Recovering heavy or viscous oils is always a challenge. If the reservoirs are deep, mining is not possible. SAGD, a very well known in-situ recovery steam process is a very efficient method. By injecting steam in the reservoir, the oil is heated, decreasing its viscosity, modifying wettability and thus making it flow more easily. Relative permeability equations are key to be able to modelize the SAGD process and to determine the best optimization parameters (for a better energy efficiency and potentially reduce costs linked to this thermal EOR process). There are very few laboratory experiments (Quettier, 1988; Schembre, 2005; Nakornthap, 1986; Maini, 1985; Kovscek, 2014) in the literature about relative permeability changes with temperature.
This paper describes the results of the 5 laboratory experiments performed on porous medium (unconsolidated sand) with extra-heavy oil at reservoir conditions by injecting hot water or steam. Experiments are made in reconstituted cores of 50cm long and 5 cm of diameter, with the sand and the oil from a specific field. The isothermal hot water injection experiments have been done at 36 bars, and 60°C, 120°C, 180°C and 240°C. Steam injection experiment has been done at 36bars, 245°C in a core initially at 36bars, 60°C. This report explains the different steps of the experiments, the conditioning and the procedure. Results are analyzed and interpreted to give end points data and identify the production mechanisms for each coreflood. Experimental parameters have been acquired accurately and data check has been done carefully.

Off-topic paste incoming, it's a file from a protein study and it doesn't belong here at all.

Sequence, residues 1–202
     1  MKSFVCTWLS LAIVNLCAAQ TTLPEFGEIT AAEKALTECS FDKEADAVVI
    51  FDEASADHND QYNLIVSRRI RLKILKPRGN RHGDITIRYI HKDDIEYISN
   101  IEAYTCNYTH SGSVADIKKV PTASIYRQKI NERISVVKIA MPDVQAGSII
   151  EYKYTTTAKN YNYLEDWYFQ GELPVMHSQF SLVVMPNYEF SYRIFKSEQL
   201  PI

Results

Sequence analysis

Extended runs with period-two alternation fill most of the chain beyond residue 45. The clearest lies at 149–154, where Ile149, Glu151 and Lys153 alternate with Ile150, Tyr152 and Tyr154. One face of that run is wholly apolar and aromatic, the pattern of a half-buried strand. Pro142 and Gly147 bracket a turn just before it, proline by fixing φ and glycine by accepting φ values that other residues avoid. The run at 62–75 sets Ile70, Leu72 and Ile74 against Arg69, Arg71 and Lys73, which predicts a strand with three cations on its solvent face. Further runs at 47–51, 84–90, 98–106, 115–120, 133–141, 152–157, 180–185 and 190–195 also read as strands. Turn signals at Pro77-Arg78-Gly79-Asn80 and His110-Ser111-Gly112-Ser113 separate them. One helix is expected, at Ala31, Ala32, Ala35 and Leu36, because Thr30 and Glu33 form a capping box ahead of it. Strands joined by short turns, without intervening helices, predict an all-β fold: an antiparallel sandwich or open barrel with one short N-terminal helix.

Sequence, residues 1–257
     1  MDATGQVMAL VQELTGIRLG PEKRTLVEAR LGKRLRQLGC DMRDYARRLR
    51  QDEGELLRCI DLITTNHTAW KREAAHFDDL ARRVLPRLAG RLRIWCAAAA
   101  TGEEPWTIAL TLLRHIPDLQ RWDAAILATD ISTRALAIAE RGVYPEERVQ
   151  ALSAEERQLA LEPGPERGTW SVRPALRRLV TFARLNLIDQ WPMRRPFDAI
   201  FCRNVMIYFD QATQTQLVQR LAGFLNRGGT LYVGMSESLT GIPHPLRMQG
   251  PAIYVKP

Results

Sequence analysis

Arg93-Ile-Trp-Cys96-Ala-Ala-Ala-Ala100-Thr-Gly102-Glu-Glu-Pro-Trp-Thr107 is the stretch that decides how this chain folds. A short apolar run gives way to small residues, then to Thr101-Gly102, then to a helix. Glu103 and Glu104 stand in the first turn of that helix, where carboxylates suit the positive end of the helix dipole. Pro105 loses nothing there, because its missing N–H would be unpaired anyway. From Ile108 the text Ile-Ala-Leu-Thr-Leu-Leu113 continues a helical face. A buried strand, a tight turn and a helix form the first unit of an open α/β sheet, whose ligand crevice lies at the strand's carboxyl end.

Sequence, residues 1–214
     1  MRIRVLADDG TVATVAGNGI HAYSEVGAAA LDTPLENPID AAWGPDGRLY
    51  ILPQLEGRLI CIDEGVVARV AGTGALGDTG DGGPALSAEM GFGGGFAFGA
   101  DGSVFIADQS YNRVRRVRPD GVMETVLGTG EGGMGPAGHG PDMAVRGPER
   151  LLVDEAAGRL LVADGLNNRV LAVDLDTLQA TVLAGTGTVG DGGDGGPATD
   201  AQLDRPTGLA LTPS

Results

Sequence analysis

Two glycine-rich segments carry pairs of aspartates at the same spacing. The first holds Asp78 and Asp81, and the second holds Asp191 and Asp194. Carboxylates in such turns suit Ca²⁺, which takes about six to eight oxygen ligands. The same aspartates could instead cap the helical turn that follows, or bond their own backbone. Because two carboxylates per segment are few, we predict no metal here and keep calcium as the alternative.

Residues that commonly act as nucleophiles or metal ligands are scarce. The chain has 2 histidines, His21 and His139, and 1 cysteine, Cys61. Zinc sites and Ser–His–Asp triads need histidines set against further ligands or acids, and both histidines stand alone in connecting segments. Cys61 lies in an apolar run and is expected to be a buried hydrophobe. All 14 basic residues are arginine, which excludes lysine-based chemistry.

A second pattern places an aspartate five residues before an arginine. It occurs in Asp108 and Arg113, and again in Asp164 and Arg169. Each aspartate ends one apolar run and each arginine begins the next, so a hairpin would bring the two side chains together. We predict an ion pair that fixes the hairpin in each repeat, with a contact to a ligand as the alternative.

Swi values increase with temperature; Sor has a lower value for 180°C than for other temperatures. An optimum of production in liquid waterflooding has been observed for this experiment (+10% compared to isothermal experiment at 120°C and 240°C), and a recovery after 20 PV comparable to the one of the steam injection experiment after 3 PV. This kind of behavior has already been published in literature and is often linked to change of wettablity with temperature (Maini, 1985; Kovscek, 2014; Jadhunandan, 1995). To confirm this behavior, the same experiment could be reproduced.
Steam injection shows the best efficiency, with a fast recovery: 77% in less than 0.7 PV injected and a final recovery of 80%.
These experiments allow a better understanding of hot-water and steam displacement mechanisms and provide Swi, Sor, Kw, Ko, RF changes with temperature. They can be used to improve the modeling of steam based processes as SAGD.